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  • Mikaela Boelkins

A New York Minute at Pre-departure Orientation

*As a heads up, this post was written less than 12 hours ago. I am now beginning to take in the wonders of Rabat and Morocco.


My journey began only a few days ago. I was driven to my local airport where I flew to NYC for orientation. My flight was supposed to leave at 1:05, but didn’t depart until around 3:50, causing me to arrive very late as compared to the rest of my cohort (9:15, ugh). Whilst being driven to Columbia University by shuttle for the iEARN NSLI-Y orientation, an older mustached man sitting directly behind me incessantly voiced his discomfort with the lack of air conditioning on the bus. As a matter of fact, the entirety of my voyage on wheels to Columbia consisted of this man’s complaints. On the bright side, his enthusiastic picture-taking encouraged me to take some of my own “NYC-at-night” pictures. They aren’t too shabby.


Once I arrived, I was told that I had 45 minutes to get myself something to eat, an opportunity I jumped on. Luckily, there was a lovely pizza place nearby that served a toothsome Margarita pizza and some mean garlic knots. I met my roommate, apologized for my reeling breath, and went to bed.


Although my Saturday consisted of sitting through meetings all day regarding NSLI-Y expectations, leaving me practically begging for caffeine pick-me-up, it seems now that it went by in a flash. I acquainted with myself with over 20 NSLI-Y students in two days (28, to be exact) and have already had several memorable experiences. I learned that when Moroccans of the same gender greet each other, they kiss each other’s cheeks. Although we all weren’t emboldened enough to smooch our new friends’ cheeks, we were able to emulate a cultural tradition that will soon come to life in front of us. Later that night, we were given the freedom to eat at a restaurant with the NSLI-Y provided stipend, as long as it was within radius. I can still taste the mouthwatering broth of the spicy tonkotsu ramen I ate for dinner on Saturday—-the creamy demeanor of the marrow bone broth, the salty crunch of the seaweed and bean sprouts, the familiar taste of the boiled egg, and the melt-in-your mouth delight of two, fatty slices of pork—-the meal was delicious, especially after a tiring, sedentary day.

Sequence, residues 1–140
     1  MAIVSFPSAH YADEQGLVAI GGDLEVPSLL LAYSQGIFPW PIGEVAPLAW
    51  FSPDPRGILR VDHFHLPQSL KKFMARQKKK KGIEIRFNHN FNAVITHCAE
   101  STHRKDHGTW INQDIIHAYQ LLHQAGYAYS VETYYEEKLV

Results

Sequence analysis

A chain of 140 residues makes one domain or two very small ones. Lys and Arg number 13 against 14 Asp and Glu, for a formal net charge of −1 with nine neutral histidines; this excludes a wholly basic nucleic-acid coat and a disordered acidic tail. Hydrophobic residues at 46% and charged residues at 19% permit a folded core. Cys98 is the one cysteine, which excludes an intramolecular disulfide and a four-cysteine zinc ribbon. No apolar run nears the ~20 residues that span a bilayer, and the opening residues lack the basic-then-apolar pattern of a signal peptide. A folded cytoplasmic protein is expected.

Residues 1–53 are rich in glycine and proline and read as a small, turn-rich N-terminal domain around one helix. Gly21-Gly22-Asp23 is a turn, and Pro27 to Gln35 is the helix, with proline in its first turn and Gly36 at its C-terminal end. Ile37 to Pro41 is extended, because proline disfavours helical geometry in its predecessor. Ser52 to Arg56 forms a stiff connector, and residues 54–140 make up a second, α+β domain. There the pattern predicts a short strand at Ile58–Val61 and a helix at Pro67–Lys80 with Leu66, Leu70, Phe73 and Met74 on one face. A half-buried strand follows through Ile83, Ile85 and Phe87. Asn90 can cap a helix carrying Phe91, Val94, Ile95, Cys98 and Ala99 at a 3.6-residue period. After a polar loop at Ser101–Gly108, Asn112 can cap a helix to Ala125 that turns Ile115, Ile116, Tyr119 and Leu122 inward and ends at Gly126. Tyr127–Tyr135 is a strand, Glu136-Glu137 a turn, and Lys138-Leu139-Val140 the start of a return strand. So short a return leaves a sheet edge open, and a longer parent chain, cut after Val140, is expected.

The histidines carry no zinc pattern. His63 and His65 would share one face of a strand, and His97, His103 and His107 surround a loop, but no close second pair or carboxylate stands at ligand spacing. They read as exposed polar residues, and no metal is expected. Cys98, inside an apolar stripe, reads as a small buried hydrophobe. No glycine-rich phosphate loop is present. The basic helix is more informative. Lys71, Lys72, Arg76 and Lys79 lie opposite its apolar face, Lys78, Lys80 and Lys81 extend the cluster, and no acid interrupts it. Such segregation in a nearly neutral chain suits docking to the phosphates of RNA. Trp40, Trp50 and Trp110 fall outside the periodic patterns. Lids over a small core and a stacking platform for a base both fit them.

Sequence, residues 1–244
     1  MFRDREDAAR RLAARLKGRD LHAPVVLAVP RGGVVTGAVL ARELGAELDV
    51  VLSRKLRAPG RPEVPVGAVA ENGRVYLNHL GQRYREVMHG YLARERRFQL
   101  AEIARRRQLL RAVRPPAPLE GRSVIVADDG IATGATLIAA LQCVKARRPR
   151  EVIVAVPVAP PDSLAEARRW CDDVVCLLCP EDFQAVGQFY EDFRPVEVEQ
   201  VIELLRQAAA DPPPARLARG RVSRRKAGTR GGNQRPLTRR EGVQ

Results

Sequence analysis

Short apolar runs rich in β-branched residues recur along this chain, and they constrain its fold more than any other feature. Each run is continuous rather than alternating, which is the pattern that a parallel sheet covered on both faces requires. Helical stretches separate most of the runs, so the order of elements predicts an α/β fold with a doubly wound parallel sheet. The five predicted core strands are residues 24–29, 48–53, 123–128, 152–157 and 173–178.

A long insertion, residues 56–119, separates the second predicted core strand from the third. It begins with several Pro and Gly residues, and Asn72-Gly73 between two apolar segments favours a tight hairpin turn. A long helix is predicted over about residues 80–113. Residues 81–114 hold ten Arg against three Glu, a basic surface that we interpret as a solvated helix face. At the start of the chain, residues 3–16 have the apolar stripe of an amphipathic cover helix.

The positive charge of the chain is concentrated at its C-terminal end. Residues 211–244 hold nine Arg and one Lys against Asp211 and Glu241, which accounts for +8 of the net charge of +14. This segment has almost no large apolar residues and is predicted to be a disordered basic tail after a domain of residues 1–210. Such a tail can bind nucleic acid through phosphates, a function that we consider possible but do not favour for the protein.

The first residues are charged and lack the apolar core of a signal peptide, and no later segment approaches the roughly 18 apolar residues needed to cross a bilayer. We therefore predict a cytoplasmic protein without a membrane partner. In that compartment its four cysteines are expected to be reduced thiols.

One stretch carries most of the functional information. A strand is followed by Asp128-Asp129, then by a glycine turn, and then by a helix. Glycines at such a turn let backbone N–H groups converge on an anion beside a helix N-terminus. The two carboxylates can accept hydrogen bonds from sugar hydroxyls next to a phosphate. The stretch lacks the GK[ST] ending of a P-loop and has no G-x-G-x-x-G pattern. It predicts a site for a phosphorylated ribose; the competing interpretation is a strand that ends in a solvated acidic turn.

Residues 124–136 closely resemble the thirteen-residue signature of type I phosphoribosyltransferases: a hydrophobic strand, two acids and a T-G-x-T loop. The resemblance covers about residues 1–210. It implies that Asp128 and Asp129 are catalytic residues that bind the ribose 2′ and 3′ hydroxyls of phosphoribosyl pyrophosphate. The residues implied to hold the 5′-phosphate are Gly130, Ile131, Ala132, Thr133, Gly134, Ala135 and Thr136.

Being surrounded by others from throughout the the country is a unique experience. But these students of my program are interested in more than just learning Arabic. They strive to become model citizen ambassadors and flexible, open-minded cultural explorers. They’re interested in learning Arabic as to gain a deeper connection to Moroccan and Arab culture at large.


As I sit on the plane and type a rough draft for my blog into my notes application, I can’t think about anything that I’d rather be doing this summer. I am so fortunate to have family and friends back home anticipating my writing and photos. Looking forward to showing bits and pieces of Morocco starting tomorrow.


مع السلامة،

Mikaela “almost-in-Morocco”

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